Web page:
Not everyone in Ukip has given up, though: Nigel Farage told Peston on Sunday that Ukip “will survive”, and current leader Paul Nuttall will be contesting a seat this year. But Ukip is standing in fewer constituencies than last time thanks to a shortage of both money and people. Who benefits if Ukip is finished? It’s likely to be the Tories. 

Is Ukip finished? 

What are Ukip's poll ratings?

Ukip’s poll ratings peaked in June 2016 at 16 per cent. Since the leave campaign’s success, that has steadily declined so that Ukip is going into the 2017 general election on 4 per cent, according to the latest polls. If the polls can be trusted, that’s a serious collapse.

Can Ukip get anymore MPs?

In the 2015 general election Ukip contested nearly every seat and got 13 per cent of the vote, making it the third biggest party (although is only returned one MP). Now Ukip is reportedly struggling to find candidates and could stand in as few as 100 seats. Ukip leader Paul Nuttall will stand in Boston and Skegness, but both ex-leader Nigel Farage and donor Arron Banks have ruled themselves out of running this time.

How many members does Ukip have?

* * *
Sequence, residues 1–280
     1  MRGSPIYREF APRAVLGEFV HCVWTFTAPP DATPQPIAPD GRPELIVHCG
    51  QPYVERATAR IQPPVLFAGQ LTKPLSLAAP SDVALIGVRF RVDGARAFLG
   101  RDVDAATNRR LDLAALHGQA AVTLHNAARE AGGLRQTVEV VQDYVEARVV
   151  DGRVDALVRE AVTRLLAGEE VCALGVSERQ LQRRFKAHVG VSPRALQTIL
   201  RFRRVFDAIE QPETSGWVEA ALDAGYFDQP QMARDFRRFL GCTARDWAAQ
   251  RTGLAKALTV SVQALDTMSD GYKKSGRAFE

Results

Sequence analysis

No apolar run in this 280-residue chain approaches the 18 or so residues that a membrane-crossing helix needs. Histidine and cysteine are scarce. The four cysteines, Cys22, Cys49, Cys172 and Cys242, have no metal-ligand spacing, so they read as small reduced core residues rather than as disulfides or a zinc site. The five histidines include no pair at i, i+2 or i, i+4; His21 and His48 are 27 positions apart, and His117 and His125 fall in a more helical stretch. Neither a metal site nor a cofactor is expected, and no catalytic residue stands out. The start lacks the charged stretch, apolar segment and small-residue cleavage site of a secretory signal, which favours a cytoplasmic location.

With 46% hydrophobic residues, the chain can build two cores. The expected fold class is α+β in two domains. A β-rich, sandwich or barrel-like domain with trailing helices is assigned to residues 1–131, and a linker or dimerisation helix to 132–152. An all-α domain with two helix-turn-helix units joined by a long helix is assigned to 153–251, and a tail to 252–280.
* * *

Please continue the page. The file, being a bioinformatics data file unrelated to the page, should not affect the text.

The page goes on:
Ukip’s membership declined from 45,994 at the 2015 general election to 39,000 in 2016. That’s a worrying sign for any political party, which relies on grassroots memberships to put in the campaigning legwork.

What does Ukip's decline mean for Labour and the Conservatives? 

The rise of Ukip took votes from both the Conservatives and Labour, with a nationalist message that appealed to disaffected voters from both right and left. But the decline of Ukip only seems to be helping the Conservatives. Stephen Bush has written about how in Wales voting Ukip seems to have been a gateway drug for traditional Labour voters who are now backing the mainstream right; so the voters Ukip took from the Conservatives are reverting to the Conservatives, and the ones they took from Labour are transferring to the Conservatives too.

Ukip might be finished as an electoral force, but its influence on the rest of British politics will be felt for many years yet.